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Tomaino Arm Care Network

Dr. Tomaino's Blog

Exceeding the sum of the parts

August 10th, 2008
We've all heard the phrase, "The total exceeds the sum of the parts." In our case I would say, "Our value exceeds the sum of our parts." Obviously, this violates basic algebra, but it does, indeed, relect a fundamental truth regarding "value creation." Competetive advantage often entails more than better internal processes and systems or superior intellectual capital (although it may). While being a market leader may be the by product of scale advantages and other operating efficiencies, what cannot easily be duplicated, arguably, is "performance culture" or an enterprises "brand" --embedded in every parcel of its offering.

At Tomaino Orthopaedic Care our team embraces a "High performance-High commitment [HPHC]culture ." If you read my very 1st blog (Small is the new big) I mention that being small enables versatility and nimbleness. We don"t embrace the status quo. When every member of an organization not only buys into a HPHC culture but is assigned accountability for continual improvement, it is almost guaranteed that an offering will continue to improve--to meet the expectations of the customer.

So--while I may intuitively know that my team is commited to delivering superlative care to our patients, I also must empower each and every patient to share with us how we might become even better. Providing exceptional care is a moving target.
And, therein lies the basic ingredient to creating an offering with a value that exceeds the sum of its parts.



The company I work for is Productivity driven. They are also Performance driven. They are also Quality and Safety driven. Looking at each of these it would seem that one has nothing to do with the other. They really don’t unless one or more of them reaches a tipping point that will intern skew the others.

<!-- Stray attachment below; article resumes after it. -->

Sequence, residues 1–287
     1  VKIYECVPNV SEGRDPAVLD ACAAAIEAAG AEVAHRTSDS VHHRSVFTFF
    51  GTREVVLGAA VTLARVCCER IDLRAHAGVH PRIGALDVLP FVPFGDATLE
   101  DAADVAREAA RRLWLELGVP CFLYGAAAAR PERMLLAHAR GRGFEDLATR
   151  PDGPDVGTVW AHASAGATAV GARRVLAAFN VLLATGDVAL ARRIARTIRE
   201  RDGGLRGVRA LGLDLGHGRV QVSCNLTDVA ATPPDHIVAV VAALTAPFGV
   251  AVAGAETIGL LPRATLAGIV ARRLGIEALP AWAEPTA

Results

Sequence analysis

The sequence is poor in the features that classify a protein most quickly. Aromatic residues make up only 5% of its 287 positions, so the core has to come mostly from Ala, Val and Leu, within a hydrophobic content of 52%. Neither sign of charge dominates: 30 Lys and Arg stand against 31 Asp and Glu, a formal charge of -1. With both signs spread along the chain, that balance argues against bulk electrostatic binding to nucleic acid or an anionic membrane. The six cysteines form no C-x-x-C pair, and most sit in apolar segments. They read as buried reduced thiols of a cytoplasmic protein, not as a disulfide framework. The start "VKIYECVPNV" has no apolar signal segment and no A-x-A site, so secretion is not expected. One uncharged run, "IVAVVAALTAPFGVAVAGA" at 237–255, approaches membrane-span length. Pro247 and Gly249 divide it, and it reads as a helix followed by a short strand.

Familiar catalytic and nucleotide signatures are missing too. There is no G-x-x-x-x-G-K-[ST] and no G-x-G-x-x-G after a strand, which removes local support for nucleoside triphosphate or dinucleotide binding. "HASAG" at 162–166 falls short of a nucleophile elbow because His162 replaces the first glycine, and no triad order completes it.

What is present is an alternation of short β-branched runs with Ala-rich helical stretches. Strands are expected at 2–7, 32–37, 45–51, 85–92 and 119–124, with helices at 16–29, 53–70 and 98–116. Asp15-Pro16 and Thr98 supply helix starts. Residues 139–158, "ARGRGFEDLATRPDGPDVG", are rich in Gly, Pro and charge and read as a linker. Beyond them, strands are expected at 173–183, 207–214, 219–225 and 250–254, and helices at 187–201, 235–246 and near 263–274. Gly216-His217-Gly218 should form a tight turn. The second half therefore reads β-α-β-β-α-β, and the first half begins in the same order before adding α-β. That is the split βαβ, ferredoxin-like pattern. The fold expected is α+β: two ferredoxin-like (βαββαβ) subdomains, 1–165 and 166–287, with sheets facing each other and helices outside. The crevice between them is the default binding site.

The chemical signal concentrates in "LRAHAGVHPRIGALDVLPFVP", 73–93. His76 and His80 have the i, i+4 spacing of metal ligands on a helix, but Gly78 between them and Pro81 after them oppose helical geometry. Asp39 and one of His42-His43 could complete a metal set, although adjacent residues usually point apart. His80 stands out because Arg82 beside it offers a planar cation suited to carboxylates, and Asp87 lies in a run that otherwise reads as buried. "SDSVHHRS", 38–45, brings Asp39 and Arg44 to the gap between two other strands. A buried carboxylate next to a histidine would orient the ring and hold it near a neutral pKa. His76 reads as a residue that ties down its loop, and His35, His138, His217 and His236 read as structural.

We have a productivity goal that is set for us by Corporate based on customer orders. We must achieve this goal every day or risk falling behind and losing the customer. Along with these goals we have to maintain certain preset performance levels to remain fiscally viable. If we spend too much to make the product (labor/overhead) we lose profit. Our quality goals are set both internally and externally by the customer. If we can’t make a ‘perfect’ product they won’t buy it. The orders we need for production will be gone. Wrapped around all of this is maintaining a safe environment.
To sum it up we have to be able to ‘produce’ a ‘quality’ product ‘safely’ and ‘efficiently’.

What we have found is that each of these has its own ‘tipping point’.
When we are functioning at optimal levels for production and labor force all of these areas are ‘green’ in our charts. People are happy that the work is coming through the doors and they like their jobs. During periods of low order volume, like last winter, we decrease our employee volume. Those left, had a tendency get into a mode of ‘automatic’. They sort of just cruise through the day in autopilot and they aren’t sure of their jobs. During these periods we saw product quality go down and injury rates go up. We get the same effect under the opposite circumstances. Later in the spring, order rates mushroomed. We had to increase the labor force with unskilled labor to accommodate. Once again, due to the lack of training and shifts that increased to 12hrs, we saw quality go down and safety incidents go up.

To a customer look in, our ‘brand’ no longer looks very appealing.

The same policies must apply to medical facilities. If patient volume is too low, they will shed staff or close, affecting patient care. If they set their pace to make the most profit by pumping through the most patients, they will be understaffed with the same affect on patient care. While maintaining this balance, physicians must check their own quality ‘patient care’ or lose the important thing…US.


July 17th, 2009 @ 4:14 pm

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